The hip joint is the second biggest joint in the human body after the knee. It connects the pelvis with the thigh. Without the hip, a whole host of movements wouldn’t be possible. They include running, standing, sitting, jumping, dancing and much more. Find out more details about the anatomy and function of the hip joint. We would also like to help you if you’re suffering from pain in the hip area, and explain what you can do to actively promote your hip health.
Anatomy of the hip
Just like the shoulder joint, the hip is what is known as a “ball-and-socket joint”. The possible range of motion required for walking, for example, is therefore extensive. The hip joint is embedded in a strong joint capsule which offers protection and generates synovial fluid. This is a kind of lubricant that reduces friction on the articular surfaces and supplies nutrients to the cartilage, which acts as a “shock absorber” between the bones, among other functions. In addition to the bony elements of the joint, a complex interaction of ligament structures and muscles ensures the stability and mobility of the hip.
The hip, a very mobile joint
Thanks to its anatomy, the hip allows us, for one thing, to lift the thigh at a maximum angle of 140 degrees to the front – this type of movement is called flexion. Then again, stretching backward, i.e. extension, is also possible up to 15 degrees. If the pelvis tips forwards during this movement, this angle can be increased, of course. Furthermore, the leg can be moved sideways to a maximum of 45 degrees outward and up to 30 degrees inward. This is called abduction and adduction. Adduction allows us, for example, to cross our legs when standing or sitting. And last but not least, the joint gives us the ability for inward and outward rotation, helping us circle our legs.
Coxalgia: pain in the hip area
However, if such a high degree of mobility meets severe strain, this will often result in injuries and signs of wear that cause pain. The medical term for this pain is “coxalgia”. Hip problems can occur in different areas: they manifest as pelvic pain, lumbar and groin pain, as pain in the lower back, in the buttocks, or directly in the hip region. It may also happen that the pain radiates all the way into your legs.
However, hip pain may also be caused by back problems. The close connection of the anatomical structures of lumbar spine, pelvis, and hip (also known as the lumbar, pelvic and hip region) often makes it harder to clearly identify the cause of the pain. Osteoarthritis, for example, can include various functional impairments of the joint structures that can affect cartilage, joint capsules, the surrounding muscles, tendons, and ligaments.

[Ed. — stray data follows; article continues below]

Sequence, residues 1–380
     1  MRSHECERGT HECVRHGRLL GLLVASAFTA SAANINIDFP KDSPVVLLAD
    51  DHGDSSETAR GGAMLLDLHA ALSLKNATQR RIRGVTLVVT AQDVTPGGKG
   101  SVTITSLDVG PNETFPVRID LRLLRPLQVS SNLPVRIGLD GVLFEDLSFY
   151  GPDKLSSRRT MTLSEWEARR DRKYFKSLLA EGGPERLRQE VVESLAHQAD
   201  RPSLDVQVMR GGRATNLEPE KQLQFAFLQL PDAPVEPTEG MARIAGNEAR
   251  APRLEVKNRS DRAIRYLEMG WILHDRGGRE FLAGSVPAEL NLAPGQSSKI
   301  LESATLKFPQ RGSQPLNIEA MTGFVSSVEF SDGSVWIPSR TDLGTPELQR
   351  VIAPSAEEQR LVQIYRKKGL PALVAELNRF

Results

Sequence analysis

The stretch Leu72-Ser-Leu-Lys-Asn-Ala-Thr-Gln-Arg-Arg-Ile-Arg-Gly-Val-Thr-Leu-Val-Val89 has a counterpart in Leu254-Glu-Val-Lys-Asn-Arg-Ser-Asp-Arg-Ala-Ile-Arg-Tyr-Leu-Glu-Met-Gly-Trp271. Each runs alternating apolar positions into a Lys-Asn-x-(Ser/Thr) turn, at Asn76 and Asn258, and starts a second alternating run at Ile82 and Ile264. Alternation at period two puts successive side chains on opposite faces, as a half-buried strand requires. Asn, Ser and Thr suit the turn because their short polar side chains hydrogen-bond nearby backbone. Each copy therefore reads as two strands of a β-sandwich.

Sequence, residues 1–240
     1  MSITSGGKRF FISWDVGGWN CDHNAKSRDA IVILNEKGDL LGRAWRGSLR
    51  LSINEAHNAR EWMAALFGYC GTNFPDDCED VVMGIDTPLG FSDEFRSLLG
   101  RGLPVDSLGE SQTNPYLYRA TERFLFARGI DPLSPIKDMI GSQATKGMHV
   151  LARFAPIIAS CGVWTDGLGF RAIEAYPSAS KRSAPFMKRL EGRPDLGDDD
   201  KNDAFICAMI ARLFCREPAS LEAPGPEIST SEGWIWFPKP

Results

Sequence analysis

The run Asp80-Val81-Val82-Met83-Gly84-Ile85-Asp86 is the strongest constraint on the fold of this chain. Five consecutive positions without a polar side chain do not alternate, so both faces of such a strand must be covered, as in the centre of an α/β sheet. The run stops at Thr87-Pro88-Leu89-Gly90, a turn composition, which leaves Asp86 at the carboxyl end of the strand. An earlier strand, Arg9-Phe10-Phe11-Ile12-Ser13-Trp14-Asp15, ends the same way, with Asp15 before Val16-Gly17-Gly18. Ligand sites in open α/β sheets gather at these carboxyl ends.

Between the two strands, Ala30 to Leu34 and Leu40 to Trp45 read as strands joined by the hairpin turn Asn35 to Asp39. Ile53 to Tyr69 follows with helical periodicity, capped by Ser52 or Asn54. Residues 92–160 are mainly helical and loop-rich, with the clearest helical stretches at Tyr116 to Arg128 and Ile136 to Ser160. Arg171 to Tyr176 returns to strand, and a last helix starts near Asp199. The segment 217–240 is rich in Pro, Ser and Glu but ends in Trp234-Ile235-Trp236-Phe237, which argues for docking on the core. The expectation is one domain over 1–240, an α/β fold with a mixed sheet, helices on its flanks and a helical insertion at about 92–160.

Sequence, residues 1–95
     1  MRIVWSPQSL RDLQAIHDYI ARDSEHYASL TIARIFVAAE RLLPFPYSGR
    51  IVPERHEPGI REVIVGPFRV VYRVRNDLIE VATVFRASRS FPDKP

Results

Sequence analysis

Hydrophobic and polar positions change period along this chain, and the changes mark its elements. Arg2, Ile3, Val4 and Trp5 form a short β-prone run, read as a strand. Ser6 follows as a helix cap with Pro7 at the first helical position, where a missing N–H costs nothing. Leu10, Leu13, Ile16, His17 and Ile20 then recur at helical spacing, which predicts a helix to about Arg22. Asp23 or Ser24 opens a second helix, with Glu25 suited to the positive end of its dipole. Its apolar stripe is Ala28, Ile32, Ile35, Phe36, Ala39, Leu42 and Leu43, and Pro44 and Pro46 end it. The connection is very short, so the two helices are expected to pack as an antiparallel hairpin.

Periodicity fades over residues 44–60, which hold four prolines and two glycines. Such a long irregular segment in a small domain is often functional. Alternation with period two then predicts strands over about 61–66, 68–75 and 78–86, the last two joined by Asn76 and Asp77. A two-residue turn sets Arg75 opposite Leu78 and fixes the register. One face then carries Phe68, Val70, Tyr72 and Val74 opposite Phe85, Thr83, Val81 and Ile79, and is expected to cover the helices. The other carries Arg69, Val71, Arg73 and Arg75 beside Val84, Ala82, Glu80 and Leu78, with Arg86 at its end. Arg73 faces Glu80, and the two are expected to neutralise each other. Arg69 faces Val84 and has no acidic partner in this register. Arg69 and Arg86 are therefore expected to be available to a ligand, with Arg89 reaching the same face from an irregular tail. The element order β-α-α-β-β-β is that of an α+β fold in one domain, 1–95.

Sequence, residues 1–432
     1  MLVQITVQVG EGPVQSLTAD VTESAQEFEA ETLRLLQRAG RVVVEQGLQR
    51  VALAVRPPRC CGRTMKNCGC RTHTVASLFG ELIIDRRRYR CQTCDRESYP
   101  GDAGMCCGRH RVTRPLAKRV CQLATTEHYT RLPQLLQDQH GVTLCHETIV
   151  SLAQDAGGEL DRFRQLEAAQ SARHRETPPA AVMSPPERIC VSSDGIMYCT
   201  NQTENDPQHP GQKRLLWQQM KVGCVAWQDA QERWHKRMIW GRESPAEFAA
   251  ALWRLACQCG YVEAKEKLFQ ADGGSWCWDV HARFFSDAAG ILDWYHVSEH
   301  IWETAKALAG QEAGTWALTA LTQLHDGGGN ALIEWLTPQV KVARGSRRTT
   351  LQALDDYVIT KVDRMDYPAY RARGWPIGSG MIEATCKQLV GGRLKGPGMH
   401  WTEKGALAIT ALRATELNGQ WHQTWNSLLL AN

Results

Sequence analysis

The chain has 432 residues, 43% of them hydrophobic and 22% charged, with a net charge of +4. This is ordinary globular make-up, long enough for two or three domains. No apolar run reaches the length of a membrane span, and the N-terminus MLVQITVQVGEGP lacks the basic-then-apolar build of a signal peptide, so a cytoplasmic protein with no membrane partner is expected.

What to do in cases of hip pain?
Pain in the lumbar, pelvic and hip region isn’t just uncomfortable – depending on severity, it can significantly affect everyday well-being. It’s important that you don’t take any symptoms lightly but try to find the cause as quickly as possible together with your physician.
In order for you to understand what is happening in the area of the hip or lower back, we have compiled some useful information relating to typical problems as well as their causes and treatment options.
The most common injuries and conditions in the lumbar, pelvic and hip region at a glance
Relieving and strengthening the hip
Our hip joint works incredibly hard during everyday activities: simply during standing, the entire weight of the torso, head, and arms rests on this joint. During walking, the load increases many times. When walking down the stairs for example, more than 300% of our body weight briefly rests on this ball-and-socket joint. During certain athletic movements, these forces are exceeded yet again. But that doesn’t mean that all this strain is actually damaging to the hip.
Those who want to relieve their hips in the long term should not only work on reducing any excess weight but also strengthen their muscles. Strong back, buttock and thigh muscles are crucial for healthy hips.
Sports that are gentle on the hip
We recommend low-impact activities that consist of regular, rhythmical movements, such as cycling, walking, hiking, or swimming. You may also like yoga, tai chi or Pilates. If you vary your exercises, you will protect your joints and muscles from one-sided strain and excessive strain. Regular stretching also prevents shortening of the muscles and maintains hip mobility.
Your exercise plan to combat hip pain
For targeted strengthening of your lumbar, pelvic and hip region, we have collated some exercises that you can do at home. If you’re feeling any pain, please discuss with your physician in advance which exercises are suitable for you and complement your treatment. The same applies to the use of our Training App.
An app as a personal trainer
Have you heard about the Bauerfeind Training App? It helps you with regular workouts using an exercise routine that is precisely adapted to your condition and Bauerfeind product.
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